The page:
In Epistemic Injustice Miranda Fricker argues that there is a distinctively epistemic type of injustice in which someone is wronged specifically in his or her capacity as a knower. Fricker's examples of identity-prejudicial credibility deficit primarily involve gender, race, and class, in which individuals are given less credibility due to prejudicial stereotypes. We argue that children, as a class, are also subject to testimonial injustice and receive less epistemic credibility than they deserve. To illustrate the prevalence of testimonial injustice against (...) children we document examples of negative prejudicial treatment in forensic contexts where children frequently act as testifiers. These examples, along with research on the child's competence and reliability as a testifier, reveal widespread epistemic prejudice against children. Given that subjection to prejudice can have a detrimental impact on children we discuss ways to ameliorate this form of testimonial injustice. We argue that, both in formal and natural contexts, the child's testimony should be evaluated alongside the relationships that support her development as a testifier. The adult can play a central role in creating successful testimonial interactions with children by acting as a. (shrink)
Philosophy in Education: Questioning and Dialogue in Schools is intended for philosophers and philosophy students, precollege classroom teachers, administrators and educators, policymakers, and pre-college practitioners of all kinds. This text book offers a wealth of practical resources and lesson plans for use in precollege classrooms, as well as consideration of many of the broader educational, social, and political topics in the field.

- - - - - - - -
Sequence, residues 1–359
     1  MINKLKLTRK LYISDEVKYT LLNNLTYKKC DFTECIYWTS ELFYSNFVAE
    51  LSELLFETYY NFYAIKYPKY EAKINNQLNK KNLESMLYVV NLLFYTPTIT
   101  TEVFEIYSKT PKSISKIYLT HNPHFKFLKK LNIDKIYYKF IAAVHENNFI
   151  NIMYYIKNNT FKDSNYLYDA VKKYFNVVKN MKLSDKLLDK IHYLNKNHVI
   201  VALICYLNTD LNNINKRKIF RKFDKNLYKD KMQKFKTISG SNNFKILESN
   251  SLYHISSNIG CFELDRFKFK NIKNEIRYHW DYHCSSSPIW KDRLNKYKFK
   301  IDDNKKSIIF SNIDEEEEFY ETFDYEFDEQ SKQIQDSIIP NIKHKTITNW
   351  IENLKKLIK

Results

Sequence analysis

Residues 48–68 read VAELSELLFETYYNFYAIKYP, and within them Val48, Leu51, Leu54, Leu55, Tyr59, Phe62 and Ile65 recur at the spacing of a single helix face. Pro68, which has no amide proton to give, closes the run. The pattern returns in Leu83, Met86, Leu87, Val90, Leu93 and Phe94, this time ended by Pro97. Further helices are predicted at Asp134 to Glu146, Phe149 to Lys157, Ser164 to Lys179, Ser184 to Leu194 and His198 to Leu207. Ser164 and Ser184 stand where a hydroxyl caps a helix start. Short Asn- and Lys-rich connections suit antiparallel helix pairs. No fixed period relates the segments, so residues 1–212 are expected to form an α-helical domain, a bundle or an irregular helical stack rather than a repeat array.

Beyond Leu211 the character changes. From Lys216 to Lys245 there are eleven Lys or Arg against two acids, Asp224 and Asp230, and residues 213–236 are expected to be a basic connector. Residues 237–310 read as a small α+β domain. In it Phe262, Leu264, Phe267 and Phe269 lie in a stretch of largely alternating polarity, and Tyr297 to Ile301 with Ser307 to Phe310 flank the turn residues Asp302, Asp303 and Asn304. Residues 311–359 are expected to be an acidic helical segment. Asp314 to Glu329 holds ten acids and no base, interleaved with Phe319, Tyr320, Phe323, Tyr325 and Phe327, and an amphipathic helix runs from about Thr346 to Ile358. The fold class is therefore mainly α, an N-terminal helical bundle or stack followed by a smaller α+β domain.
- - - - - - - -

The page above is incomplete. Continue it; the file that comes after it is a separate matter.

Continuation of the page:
Child moral agency is dismissed in many historical and contemporary accounts based on children's supposed lack or marginal possession of agency-bearing capacities, including reason, deliberation, and judgment, amongst others. Given its prominence in the philosophical canon, I call this the traditional view of child agency. Recent advancements in moral developmental psychology challenge the traditional view, pointing toward the possession of relevant capacities and competencies for moral and responsible agency in early and middle childhood. I argue that both views—traditional and developmental—underdetermine (...) our practices of holding children responsible in our common interactions. For one, we face significant epistemic barriers in accurately assessing children’s agential status qua possession of responsibility-bearing capacities and competencies. Second, overreliance on assessments of individualistic capacities emphasizes an atomistic view of agency at the expense of relational views that are of particular relevance for children as uniquely developing persons. Our practices of holding children responsible and the values that guide these practices in the context of supportive relationships are central to both supporting current and drawing out future responsible agency in childhood and, importantly, provide us with a path to regard children as participants in our moral communities, as opposed to mere agents-in-waiting. (shrink)